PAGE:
The political perspective also includes the need for legitimacy of the organisations and activities carried out by thousands of people round the globe. If there is no top political recognition to the issue, to the global AIDS problem, it is like saying to all these people: “You do not really have to bother that that much.”

In Russia, the top political leader, Vladimir Putin, signed a bill in 2013 punishing people for homosexual "propaganda" of the kind United Kingdom introduced in 1988 an (non-effective) attempt to battle AIDS. Similar legislation as the Russian can be found in, for example Nigeria and Uganda. The UK changed this law in 2003 since it was a violation on Human Rights and an obstacle for HIV prevention work.

I have seen tendencies in many countries that when the politicians stop talking about HIV or AIDS, the funding decreases, and after a while the prevalence rates goes up. I do not claim that the increase in the prevalence rates is
all due to the silence from the top political representatives, but I claim that they are all a part of it. And this includes the initiatives taken by politicians on how to control or fund research about the medical treatments and human social behaviour for the sake of prevention. Between 1996 and 2006, when Sweden had the Social Democratic Prime Minister, Mr Göran Persson, he never expressed the words HIV or AIDS in public, which in one sense puts him in the same boat as Ronald Reagan. During a visit in 2005 by PM Göran Persson at the Museum of World Culture (where I worked with the AIDS exhibition “No Name Fever – AIDS in the Age of Globalization”) I asked his secretary why he never spoke of AIDS. The reply I got was: “he has never been asked to participate in anything connected to that”. I believe that top leaders should be leaders, not followers.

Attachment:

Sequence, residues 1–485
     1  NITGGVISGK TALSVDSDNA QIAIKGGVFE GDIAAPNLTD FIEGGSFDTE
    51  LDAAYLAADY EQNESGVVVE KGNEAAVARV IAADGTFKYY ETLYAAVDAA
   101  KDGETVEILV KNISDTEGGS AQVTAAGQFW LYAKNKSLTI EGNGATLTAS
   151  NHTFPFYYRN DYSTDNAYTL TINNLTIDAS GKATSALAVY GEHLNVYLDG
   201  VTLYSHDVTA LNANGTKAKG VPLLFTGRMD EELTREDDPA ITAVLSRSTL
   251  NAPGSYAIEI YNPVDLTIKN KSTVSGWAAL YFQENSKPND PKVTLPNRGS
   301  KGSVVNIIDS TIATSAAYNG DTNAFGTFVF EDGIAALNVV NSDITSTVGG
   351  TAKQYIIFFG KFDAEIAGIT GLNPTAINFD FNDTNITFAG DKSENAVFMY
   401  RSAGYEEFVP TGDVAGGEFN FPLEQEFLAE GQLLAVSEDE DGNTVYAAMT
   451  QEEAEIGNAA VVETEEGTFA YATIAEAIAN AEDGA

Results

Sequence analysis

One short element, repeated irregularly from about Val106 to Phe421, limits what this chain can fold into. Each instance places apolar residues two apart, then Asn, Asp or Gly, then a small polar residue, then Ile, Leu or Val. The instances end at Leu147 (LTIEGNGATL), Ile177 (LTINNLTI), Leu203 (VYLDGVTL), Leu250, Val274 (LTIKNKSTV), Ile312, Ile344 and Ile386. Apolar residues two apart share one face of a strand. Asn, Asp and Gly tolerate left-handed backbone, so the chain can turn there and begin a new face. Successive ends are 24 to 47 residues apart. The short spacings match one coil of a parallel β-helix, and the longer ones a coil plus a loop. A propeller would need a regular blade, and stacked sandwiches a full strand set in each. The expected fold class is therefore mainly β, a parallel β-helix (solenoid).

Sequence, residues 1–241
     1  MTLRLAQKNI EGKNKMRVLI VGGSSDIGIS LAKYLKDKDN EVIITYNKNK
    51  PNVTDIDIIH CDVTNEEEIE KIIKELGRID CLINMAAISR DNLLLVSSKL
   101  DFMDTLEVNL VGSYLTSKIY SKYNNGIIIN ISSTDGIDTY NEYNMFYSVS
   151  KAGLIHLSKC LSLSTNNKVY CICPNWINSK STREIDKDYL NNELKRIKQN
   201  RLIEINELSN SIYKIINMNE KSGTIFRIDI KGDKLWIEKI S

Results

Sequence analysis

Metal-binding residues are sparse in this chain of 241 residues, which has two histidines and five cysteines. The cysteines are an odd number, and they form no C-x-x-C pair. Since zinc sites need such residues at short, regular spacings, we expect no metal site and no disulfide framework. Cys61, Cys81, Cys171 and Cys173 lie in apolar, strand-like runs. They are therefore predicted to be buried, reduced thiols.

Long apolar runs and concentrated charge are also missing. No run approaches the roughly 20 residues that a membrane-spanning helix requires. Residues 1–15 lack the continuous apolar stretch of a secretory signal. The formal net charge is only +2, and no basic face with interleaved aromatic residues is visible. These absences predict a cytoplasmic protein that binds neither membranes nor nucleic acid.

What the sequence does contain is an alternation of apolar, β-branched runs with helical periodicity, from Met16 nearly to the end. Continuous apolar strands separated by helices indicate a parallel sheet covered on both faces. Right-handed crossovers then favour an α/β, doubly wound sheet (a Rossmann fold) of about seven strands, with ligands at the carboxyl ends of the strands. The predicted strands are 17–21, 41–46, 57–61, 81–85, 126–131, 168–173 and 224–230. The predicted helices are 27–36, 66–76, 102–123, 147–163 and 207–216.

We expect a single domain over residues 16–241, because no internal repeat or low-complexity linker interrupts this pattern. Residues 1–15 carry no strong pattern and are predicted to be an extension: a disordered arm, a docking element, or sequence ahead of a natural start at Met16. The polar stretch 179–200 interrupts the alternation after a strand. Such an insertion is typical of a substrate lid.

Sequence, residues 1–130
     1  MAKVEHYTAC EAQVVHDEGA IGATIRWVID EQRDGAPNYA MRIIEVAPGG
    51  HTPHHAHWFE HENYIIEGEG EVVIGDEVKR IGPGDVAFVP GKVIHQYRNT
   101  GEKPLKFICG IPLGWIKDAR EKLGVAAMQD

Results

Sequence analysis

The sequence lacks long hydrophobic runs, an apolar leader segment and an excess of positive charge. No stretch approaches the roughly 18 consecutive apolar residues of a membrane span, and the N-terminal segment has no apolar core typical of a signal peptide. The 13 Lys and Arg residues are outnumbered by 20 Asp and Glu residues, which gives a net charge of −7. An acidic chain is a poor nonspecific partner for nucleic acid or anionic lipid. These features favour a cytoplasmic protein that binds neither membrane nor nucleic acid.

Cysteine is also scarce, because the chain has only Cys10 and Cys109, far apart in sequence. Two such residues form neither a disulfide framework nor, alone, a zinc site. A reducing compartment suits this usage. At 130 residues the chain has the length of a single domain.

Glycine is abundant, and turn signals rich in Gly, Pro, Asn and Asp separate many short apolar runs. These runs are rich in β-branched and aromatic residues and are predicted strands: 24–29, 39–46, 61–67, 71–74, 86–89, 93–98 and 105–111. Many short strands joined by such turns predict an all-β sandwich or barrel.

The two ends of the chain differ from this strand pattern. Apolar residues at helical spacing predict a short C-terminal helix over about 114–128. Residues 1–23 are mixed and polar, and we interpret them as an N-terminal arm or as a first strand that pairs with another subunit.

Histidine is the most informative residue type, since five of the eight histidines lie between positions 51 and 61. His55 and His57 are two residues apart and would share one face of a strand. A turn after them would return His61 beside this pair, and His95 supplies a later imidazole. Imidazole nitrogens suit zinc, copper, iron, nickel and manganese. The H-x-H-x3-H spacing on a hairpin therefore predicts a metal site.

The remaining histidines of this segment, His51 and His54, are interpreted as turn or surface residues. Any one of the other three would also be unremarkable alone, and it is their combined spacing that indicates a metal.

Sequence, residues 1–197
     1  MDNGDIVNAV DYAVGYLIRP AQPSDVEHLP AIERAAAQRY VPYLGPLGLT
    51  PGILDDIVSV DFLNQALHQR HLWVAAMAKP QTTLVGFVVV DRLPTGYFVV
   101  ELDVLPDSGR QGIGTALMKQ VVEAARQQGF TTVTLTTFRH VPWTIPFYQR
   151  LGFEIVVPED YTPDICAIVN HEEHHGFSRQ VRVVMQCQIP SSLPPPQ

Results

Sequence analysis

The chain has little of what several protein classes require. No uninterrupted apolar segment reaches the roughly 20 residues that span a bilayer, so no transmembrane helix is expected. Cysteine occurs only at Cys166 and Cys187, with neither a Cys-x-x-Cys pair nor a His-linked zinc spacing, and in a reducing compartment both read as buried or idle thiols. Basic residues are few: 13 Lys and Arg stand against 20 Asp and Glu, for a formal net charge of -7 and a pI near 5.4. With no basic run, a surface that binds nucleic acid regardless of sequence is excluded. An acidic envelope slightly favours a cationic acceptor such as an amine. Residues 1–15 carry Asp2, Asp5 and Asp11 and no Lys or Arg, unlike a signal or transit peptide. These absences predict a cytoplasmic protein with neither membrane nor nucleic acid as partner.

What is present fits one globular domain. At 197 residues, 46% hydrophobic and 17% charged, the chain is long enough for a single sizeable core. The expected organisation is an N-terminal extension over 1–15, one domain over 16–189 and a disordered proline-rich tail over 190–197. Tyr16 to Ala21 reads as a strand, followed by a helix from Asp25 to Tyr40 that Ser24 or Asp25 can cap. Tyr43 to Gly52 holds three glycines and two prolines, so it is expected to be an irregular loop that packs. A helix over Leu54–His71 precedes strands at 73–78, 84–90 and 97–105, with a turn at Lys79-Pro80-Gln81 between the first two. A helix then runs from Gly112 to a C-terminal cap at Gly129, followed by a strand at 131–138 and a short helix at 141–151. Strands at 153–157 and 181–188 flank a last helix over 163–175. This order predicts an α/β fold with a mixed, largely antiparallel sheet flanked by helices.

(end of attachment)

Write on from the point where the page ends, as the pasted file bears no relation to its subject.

For many countries the political perspective on AIDS includes decision-making on how to spend funds on Antiretroviral medicines, health care initiatives, legislation about protecting the community from further suffering, and what the prevention strategies should look like, just to mention a few heavy issues. When it comes to HIV prevention, there are guidelines produced and recommended ways of dealing with strategic framework, the Three Ones etc. In most documents the use of the word “Coordination” can be found, and the documents often highlight the importance the necessity of coordination for a good outcome of the actions taken. It is described as a process, not as a structure or an action plan, which I rather would like to suggest it to be. I have for many years tried to get an answer to what HIV/AIDS Coordination actually is and how UNAIDS and WHO would like to describe it, especially since it is used in many of their documents. I have on several occasions written to the two organisations, and so far I have not received any reply on the topic. Therefore, I have been doing a lot of thinking myself, and I will soon present a suggestion to the definition and content of what HIV Coordination is, in order to contribute to clarification for countries, authorities and organisations involved in the fight against the HIV world pandemic.

HIV Coordination is something that also needs to be legitimised by the top political rulers, and the politicians need to understand the complexity of AIDS, both in their own country as well as how it is connected to the rest of the world. My experience is that people I have worked with or in other situations come in contact with, and to whom I presented All the 13 Perspectives of AIDS, have expressed a much higher understanding of the complexity of AIDS, and they all wanted to participate in making a change. Politicians are human beings, and we must all find ways to encourage and spread awareness of the importance of keeping AIDS on the political agenda.